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The Classical Grammys: Hope for the Future

Although classical CD sales slumped last year, the classical nominations for the 43rd Grammy awards remain fiercely competitive. The major labels did best, led by EMI with ten, DG with six, and Telarc and Sony with five apiece. Archiv and Teldec had three each; Naïve Astrée, Hyperion, Delos, Hänssler, Philips, Decca and RCA had two apiece; and Erato, Reference Recordings, Bridge, ECM, New World, Harmonia Mundi France, Chandos and Ondine had one nomination each (the complete list is online starting at http://www.grammy.com/awards/field25.html).

As usual with awards that attempt to be all things to all people, the nominations range promiscuously across time and space.

Four operas from the 20th century — Alban Berg’s Wozzeck conducted by Ingo Metzmacher (EMI), Benjamin Britten’s Billy Budd conducted by Richard Hickox (Chandos), Ferruccio Busoni’s Doktor Faust conducted by Kent Nagano (Erato) and Sergei Prokofiev’s Semyon Kotko conducted by Valery Gergiev (Philips) — compete against one from the 18th — Jean Philippe Rameau’s Dardanus conducted by Marc Minkowski (Archiv).

Four Johann Sebastian Bach CDs — Helmuth Rilling’s Christmas Oratorio (Hänssler), John Eliot Gardiner’s Easter Cantatas (Archiv), Martin Pearlman’s Mass in B Minor (Telarc) and Philippe Herreweghe’s St. Matthew Passion (Harmonia Mundi France) — compete in the Best Choral Performance category against one Krzysztof Penderecki CD, the Oregon Bach Festival’s recording of the Polish composer's 1998 Credo (Hänssler).

Marc-André Hamelin, Michael Collins, Leif Ove Andsnes, Joshua Bell and Arcadi Volodos cover an equally wide territory in their attempts to win Best Instrumental Soloist With Orchestra: Concertos by Busoni (Hyperion), Elliott Carter (DG), Haydn (EMI), Nicholas Maw (Sony) and Rachmaninoff (Sony).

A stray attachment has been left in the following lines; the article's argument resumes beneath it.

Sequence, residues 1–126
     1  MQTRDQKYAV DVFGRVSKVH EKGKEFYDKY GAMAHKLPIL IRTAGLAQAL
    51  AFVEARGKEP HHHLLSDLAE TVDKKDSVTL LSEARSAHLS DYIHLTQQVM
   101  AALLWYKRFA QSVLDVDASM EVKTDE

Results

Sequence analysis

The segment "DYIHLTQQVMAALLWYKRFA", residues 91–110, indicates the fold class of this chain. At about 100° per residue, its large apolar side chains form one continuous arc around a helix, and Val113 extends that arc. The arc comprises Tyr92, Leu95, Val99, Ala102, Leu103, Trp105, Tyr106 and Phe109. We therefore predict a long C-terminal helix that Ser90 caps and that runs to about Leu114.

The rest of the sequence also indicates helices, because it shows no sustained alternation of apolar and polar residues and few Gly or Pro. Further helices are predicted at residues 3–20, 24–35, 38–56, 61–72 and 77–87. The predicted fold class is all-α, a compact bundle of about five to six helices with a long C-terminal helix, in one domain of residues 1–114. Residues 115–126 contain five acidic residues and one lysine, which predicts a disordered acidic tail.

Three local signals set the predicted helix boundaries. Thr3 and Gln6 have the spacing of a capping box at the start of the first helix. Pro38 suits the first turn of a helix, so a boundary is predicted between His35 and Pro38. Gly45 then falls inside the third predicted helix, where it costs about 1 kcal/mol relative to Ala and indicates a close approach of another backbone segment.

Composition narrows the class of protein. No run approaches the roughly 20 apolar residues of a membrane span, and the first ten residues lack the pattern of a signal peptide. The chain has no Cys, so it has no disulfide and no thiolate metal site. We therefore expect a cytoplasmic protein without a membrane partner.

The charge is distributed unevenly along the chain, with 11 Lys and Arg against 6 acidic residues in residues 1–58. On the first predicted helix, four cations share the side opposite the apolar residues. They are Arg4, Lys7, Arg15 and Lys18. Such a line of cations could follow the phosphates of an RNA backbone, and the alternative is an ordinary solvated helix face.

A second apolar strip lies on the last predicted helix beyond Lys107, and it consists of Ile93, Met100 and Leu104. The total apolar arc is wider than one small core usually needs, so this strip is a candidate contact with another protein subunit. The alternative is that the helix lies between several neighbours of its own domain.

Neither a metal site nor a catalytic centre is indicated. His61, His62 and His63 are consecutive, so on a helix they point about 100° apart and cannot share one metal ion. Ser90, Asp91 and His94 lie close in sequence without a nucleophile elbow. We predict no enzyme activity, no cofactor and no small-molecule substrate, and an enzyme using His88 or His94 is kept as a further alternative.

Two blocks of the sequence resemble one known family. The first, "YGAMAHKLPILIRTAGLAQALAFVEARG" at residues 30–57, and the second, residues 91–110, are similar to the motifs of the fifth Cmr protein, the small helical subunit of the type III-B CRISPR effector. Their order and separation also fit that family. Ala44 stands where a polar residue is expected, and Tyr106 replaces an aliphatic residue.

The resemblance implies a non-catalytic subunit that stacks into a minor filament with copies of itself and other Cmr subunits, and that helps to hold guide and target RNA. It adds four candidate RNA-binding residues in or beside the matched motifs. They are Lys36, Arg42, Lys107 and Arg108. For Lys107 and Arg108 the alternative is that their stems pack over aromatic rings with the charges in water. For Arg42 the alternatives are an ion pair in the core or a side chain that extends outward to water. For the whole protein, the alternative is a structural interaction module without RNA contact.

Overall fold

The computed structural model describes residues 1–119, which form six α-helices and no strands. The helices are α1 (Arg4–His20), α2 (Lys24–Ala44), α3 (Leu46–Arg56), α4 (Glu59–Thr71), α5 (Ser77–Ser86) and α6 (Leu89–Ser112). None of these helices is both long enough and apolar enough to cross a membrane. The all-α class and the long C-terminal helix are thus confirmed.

In the case of Best Small Ensemble, Jordi Savall’s Spanish early music band Hespèrion XXI playing music of the Diaspora (AliaVox) is pitted against Members of the Berlin Philharmonic playing Hindemith (EMI), the Orpheus Chamber Orchestra playing Stravinsky (DG), 12 Cellists of the Berlin Philharmonic playing South American lollipops (EMI) and the original-instrument Musica Antiqua Köln playing Telemann (Archiv).

Only the nominations for Best Classical Contemporary manage to remain within the confines of one century: George Crumb’s Star-Child (Bridge), Heiner Goebbels’ Surrogate Cities (ECM), Maw’s Violin Concerto (Sony), Ned Rorem’s Evidence of Things Not Seen (New World) and Rodion Shchedrin’s Concerto Cantabile (EMI).

My personal favorites are:

Best Orchestral Performance

Daniel Barenboim’s commanding musical blueprint of Beethoven’s nine symphonies (Teldec) is brought to life by a stupendous recording and the superbly muscular yet sensitive Berliner Staatskapelle, who contribute moments of startling individual illumination. Although the orchestra’s hammering timpani, velvety deep strings and growling brass recall Barenboim’s idol Wilhelm Furtwängler, Barenboim’s decisive interpretations evoke the less incandescent but no less authoritative Otto Klemperer.

Best Opera Recording

Minkowski’s sublimely sexy, colorfully thrilling performance of Dardanus (Archiv) features a glorious international cast, superb orchestral playing and razor-sharp sound. The opera’s story line, with its mythological gods, sea monsters and dream grottos, may be devoid of much dramatic relevance to those not steeped in the classics, but it’s nectar to those who find the profound passions of Bach and the engaging operas of Handel tame. Only the spectacular Philips recording of Prokofiev’s Semyon Kotko beats it as an unusual repertoire item.